Wednesday, June 3, 2009

Talk of "home" is ladies last..

Sometimes a simple act has great significance to an elder. Whether they are at home, living in a facility or hospitalized, just a few moments of time spent can lift their spirits for days.

I spent the last week of May in my home town and saw Mom every day. On the way to her room one afternoon I saw a very elderly lady struggling to get comfortable in her chair. Feeling bad, I sat next to her to ask if I could help. We easily began a conversation and it turned out that we had some connections. Fay, age 93, turned out to be the aunt of my cousin and she grew up in the same small Hoosier town as my husband.

Fay told me as much as she remembered about my cousin and we talked about the old businesses in that small town she remembered so well. She brightened up as she described the cafe where she met her husband and how she worked to send him money after he moved across the country get settled ahead of her arrival. I reassured her that the cafe was still open ( it really is) and I told her about recent renovations at the historic county court house, a relatively new building when she moved west in the mid-1930's. We talked of things she missed about the midwest - huge peaches, lightening bugs, the beautiful fall colors and her family. We also talked about things particular to her home town - traffic at a stand still several times a day as long, long trains passed through, the old brick Catholic Church torn down long ago; the fierce wind and hail that build quickly and pound through town and the flooding that used to happen on the south side of town. I know relatively little about my husband's home town, but the things I do know were the same things that Fay remembered very well. Coincidence?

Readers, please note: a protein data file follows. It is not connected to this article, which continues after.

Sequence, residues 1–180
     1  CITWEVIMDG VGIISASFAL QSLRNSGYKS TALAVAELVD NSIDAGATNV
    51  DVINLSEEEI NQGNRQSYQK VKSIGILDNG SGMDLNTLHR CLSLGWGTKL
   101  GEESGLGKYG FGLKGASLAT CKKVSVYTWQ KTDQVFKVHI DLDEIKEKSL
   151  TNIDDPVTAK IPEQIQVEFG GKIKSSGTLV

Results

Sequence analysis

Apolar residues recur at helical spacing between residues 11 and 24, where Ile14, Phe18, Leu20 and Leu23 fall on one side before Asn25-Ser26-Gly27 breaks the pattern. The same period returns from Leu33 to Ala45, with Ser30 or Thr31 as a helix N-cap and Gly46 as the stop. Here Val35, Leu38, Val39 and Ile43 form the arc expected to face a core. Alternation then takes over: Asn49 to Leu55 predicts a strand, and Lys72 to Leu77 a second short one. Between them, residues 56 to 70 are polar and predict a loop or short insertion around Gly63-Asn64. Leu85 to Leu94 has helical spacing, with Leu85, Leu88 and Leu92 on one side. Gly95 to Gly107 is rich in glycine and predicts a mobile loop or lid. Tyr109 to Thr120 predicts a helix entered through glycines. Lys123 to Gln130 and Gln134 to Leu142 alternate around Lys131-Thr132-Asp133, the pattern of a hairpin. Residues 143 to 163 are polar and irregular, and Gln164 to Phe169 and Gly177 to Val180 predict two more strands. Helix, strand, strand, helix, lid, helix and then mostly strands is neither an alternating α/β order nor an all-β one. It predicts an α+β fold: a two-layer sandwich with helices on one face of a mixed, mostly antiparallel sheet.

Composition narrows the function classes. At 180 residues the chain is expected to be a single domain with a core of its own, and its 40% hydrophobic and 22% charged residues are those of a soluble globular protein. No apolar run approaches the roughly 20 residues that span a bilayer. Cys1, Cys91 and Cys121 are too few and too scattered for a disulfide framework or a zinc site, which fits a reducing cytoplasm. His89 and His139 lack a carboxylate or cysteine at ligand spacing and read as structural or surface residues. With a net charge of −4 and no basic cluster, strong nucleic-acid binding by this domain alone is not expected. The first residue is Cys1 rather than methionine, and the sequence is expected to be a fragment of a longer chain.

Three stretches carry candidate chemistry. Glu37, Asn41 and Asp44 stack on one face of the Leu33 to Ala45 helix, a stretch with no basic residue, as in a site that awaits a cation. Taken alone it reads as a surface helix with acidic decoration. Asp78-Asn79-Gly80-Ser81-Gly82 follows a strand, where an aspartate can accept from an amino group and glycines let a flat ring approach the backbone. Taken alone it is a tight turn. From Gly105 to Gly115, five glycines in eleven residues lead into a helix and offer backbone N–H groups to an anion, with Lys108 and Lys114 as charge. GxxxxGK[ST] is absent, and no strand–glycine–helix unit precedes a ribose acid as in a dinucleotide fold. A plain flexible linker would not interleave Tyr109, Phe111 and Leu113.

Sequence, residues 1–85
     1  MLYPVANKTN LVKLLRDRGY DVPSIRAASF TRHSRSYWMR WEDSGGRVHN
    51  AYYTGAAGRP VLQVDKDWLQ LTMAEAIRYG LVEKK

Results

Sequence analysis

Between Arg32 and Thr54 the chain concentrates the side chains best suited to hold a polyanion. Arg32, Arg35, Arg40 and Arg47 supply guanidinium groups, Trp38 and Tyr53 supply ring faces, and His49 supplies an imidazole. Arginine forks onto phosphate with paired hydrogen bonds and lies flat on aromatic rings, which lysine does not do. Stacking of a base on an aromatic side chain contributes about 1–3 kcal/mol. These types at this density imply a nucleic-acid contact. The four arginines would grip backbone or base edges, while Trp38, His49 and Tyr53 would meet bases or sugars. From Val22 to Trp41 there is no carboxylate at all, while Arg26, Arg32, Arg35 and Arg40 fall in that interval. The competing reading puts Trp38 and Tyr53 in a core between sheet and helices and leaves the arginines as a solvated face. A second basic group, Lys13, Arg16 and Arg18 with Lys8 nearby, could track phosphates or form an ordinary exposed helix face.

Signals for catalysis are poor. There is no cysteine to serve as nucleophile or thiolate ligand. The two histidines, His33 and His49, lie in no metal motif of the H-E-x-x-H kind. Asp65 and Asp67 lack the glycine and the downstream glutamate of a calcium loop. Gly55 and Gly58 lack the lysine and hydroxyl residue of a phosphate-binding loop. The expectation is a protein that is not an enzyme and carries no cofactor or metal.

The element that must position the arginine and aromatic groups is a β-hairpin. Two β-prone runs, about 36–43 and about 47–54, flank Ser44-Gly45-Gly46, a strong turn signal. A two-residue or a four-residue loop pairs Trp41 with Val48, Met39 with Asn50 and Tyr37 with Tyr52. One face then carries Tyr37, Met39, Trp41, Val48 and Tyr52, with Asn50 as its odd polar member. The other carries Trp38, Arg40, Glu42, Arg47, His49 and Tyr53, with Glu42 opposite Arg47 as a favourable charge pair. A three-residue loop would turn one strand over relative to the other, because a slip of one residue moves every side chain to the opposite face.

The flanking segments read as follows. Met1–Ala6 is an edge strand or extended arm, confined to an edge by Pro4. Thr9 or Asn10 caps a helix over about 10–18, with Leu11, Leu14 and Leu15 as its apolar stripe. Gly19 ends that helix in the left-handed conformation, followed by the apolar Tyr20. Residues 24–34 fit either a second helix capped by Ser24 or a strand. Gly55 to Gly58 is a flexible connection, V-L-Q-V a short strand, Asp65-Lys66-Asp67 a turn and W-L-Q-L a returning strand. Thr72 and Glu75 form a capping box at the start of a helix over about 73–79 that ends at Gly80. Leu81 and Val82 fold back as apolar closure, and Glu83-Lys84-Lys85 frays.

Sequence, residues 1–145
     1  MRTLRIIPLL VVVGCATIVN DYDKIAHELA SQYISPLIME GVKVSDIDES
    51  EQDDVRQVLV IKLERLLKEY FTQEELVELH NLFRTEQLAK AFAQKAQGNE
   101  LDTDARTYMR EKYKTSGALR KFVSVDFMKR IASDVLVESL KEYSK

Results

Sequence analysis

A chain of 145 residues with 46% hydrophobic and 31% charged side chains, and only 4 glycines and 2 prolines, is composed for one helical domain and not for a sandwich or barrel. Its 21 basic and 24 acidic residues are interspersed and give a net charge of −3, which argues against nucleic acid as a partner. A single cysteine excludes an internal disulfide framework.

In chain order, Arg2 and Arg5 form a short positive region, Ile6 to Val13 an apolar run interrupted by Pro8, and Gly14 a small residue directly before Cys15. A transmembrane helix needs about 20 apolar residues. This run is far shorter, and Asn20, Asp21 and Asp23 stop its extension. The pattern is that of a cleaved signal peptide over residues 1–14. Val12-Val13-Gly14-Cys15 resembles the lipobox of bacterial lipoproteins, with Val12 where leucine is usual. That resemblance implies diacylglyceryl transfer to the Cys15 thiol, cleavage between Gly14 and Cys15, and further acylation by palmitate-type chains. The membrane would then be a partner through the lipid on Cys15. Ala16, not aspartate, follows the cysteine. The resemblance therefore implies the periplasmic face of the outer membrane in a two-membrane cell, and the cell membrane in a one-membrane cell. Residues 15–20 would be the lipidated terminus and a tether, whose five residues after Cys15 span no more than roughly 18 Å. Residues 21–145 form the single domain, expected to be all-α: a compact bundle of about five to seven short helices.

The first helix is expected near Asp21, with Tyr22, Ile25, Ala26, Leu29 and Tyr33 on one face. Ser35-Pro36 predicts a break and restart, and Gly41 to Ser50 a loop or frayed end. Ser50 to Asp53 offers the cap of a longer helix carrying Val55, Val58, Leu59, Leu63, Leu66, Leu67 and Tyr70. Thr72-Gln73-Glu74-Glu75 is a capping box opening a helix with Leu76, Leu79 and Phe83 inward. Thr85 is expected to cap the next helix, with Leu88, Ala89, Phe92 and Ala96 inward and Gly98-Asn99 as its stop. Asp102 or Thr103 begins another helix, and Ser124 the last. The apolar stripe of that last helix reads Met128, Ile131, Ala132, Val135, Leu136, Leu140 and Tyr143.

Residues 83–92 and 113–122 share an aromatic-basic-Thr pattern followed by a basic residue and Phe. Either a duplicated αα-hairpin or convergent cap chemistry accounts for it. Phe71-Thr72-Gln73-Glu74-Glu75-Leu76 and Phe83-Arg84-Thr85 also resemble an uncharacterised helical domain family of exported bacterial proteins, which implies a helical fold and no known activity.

Fay easily remembered both addresses where she lived so I relayed those to my husband who took pictures of the tiny houses and emailed them to me. Our talk lasted only about an hour but she was truly aware and so happy to make a connection to her friends and family; it was something familiar in a place and time where she outlived all her "new" connections. She mentioned that she had not seen much of her family since moving in the mid- 1930's so meeting someone from "home" was exciting.

Before I had a chance to print the photos and deliver them, Fay passed away in her sleep just two days after our conversation. At first I felt bad that I had not made it with the reprints of her home but I guess that after our reminiscing she decided to go there and see them for herself.